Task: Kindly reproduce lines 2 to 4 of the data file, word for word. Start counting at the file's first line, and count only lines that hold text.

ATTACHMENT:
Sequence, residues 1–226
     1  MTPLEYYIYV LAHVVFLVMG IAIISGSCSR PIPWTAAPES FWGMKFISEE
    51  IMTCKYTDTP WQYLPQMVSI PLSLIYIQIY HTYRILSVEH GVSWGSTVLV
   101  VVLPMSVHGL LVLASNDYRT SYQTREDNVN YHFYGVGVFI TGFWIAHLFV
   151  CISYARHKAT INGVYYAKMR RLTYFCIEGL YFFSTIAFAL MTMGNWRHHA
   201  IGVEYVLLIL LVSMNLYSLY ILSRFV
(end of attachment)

     1  MTPLEYYIYV LAHVVFLVMG IAIISGSCSR PIPWTAAPES FWGMKFISEE
    51  IMTCKYTDTP WQYLPQMVSI PLSLIYIQIY HTYRILSVEH GVSWGSTVLV
   101  VVLPMSVHGL LVLASNDYRT SYQTREDNVN YHFYGVGVFI TGFWIAHLFV